2. Every parent has to say “NO” to their child at some point, that’s real life and children do need boundaries to live by. However, the “NO” word can become a battle of wills between you and your child, rather like taking a red rag to a bull.  If you are fed up of saying “NO” and the drama it causes think about how your child feels? 

    A study shows that a toddler can hear the word “NO” up to 400 times a day. To a child saying “NO” can feel like you are rejecting them and I’m sure you agree that 400 times is a lot of rejection to cope with. Fortunately, there are some highly effective positive ways of avoiding saying “NO”, that will help to keep the peace in your home.

    Children live in the moment and as a parent we want to encourage this. Therefore, we need to think about how we can inspire children to feel good, in that moment of not having what they want. It’s not rocket science to do, it just takes a little practise and perseverance.

    5 ways to avoid saying “NO” to your child.

     1. Ask for what you want

    The essential key thing to do is to ask your child what you want them to do.  This simply means taking a short moment before you say no, to actually think about what it is that you would like your child to do instead of simply. 

    For example; 

    • Share your toys
    • Walk on the grass
    • Wait for tea and come and help me chop the carrots

    2. Re-direct your child

    More often than not, re-directing your child to what you want them to do will effectively stop problems escalating.  Your child’s mind needs positive re-direction to help to nurture a positive mind-set and for emotional well-being.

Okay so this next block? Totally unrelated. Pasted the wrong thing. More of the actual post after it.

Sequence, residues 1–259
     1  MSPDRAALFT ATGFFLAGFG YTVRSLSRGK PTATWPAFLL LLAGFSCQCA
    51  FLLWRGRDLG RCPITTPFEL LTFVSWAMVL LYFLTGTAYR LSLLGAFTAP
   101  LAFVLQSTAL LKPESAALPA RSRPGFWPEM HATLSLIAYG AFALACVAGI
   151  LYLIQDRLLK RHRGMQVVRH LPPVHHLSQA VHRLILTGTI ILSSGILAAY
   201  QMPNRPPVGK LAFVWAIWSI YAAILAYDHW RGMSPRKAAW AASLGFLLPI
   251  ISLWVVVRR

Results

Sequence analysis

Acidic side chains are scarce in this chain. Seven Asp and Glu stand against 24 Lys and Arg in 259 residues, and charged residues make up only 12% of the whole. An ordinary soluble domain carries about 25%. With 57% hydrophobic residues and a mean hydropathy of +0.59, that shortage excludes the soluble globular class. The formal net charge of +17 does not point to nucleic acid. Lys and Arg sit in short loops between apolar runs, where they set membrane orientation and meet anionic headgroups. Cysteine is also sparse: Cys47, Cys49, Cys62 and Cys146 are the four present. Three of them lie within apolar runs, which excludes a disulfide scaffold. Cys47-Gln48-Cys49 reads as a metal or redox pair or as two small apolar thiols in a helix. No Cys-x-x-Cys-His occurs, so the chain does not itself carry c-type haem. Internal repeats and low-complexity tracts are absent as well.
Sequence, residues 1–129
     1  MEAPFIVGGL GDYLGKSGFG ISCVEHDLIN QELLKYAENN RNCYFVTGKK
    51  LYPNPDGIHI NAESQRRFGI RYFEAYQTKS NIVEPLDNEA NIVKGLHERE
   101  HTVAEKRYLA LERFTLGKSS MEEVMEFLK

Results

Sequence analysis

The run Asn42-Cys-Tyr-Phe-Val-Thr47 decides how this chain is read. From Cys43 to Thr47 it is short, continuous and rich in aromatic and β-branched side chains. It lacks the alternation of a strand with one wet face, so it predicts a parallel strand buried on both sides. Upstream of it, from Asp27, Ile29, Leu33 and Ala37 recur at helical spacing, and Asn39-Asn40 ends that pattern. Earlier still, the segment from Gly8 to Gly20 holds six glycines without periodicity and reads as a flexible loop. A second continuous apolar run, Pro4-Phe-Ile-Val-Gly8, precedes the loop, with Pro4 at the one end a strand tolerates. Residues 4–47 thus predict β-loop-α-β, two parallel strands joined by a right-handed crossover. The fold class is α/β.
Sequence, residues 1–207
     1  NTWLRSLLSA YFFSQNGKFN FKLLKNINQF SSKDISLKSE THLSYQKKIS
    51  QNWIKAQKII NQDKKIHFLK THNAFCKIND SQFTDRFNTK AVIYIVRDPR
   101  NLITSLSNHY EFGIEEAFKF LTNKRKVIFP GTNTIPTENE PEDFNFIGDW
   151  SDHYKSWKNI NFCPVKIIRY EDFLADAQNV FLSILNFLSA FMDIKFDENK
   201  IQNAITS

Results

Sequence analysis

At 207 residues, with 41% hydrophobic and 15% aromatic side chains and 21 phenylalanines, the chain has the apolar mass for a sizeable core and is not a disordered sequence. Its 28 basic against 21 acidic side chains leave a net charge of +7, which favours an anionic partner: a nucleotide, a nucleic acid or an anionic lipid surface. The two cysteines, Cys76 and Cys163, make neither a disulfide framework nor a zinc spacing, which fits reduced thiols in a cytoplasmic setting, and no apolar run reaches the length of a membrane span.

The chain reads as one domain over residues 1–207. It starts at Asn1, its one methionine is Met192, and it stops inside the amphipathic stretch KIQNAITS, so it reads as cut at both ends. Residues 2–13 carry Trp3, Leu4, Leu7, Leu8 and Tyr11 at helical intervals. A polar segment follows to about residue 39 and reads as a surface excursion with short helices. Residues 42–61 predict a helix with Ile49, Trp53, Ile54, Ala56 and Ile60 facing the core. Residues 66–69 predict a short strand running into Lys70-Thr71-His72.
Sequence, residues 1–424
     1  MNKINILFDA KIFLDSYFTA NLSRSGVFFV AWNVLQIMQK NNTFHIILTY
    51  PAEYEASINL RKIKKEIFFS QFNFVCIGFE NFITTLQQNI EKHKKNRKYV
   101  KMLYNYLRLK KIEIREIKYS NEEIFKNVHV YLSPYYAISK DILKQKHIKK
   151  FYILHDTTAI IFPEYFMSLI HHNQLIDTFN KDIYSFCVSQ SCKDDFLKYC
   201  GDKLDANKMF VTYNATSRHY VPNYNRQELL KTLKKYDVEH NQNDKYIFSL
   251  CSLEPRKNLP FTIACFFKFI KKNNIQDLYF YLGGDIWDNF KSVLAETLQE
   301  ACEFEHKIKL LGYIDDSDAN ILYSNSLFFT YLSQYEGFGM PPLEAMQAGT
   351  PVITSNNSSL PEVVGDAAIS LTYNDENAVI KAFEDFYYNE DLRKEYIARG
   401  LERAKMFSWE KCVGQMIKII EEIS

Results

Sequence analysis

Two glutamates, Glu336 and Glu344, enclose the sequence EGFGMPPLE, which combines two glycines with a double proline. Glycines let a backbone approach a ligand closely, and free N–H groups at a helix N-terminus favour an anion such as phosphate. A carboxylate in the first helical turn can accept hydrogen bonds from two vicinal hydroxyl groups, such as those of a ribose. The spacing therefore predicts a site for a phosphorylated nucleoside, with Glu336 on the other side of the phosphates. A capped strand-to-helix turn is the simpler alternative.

For example; 

    Come and sit here and play this game with me

    • Let’s go and play with your brother
    • Shall we do some drawing together
    • You play with the bricks and in a minute we can go out

    3. Reduce the risk

    Setting a child’s environment up for success and meeting their needs is going to save you a lot of stress in the long run and reduce the risk of you needing to say “No”. 

    For example;

    Keep your environment child friendly and safe

    •  Keep your child busy with stimulating toys and games and things to do
    •  Have routines and structure so that they can learn to predict what is coming next
    • Adjust plans to meet their needs and avoid unwanted behaviour, such as when they are ill and need to rest at home

    4. Say “YES”

    Say “YES” as often as you can.  Often the word “YES” can easily replace saying no which will help your child to feel far happier to do as you ask.

    For example;

    • Yes, it would be nice to have Jamie home after school, let’s choose a good night for everyone and we can ask his mum. (Instead of, no not tonight)
    • Yes, you can play on your Xbox when your homework is done. (Instead of, no you’re not allowed on your Xbox until you have done your homework)

    5. Make it fun

    Children just want to have fun, by being warm and responsive and making things fun for them you are sure to avoid needing to say “NO”.  See how long you can do it J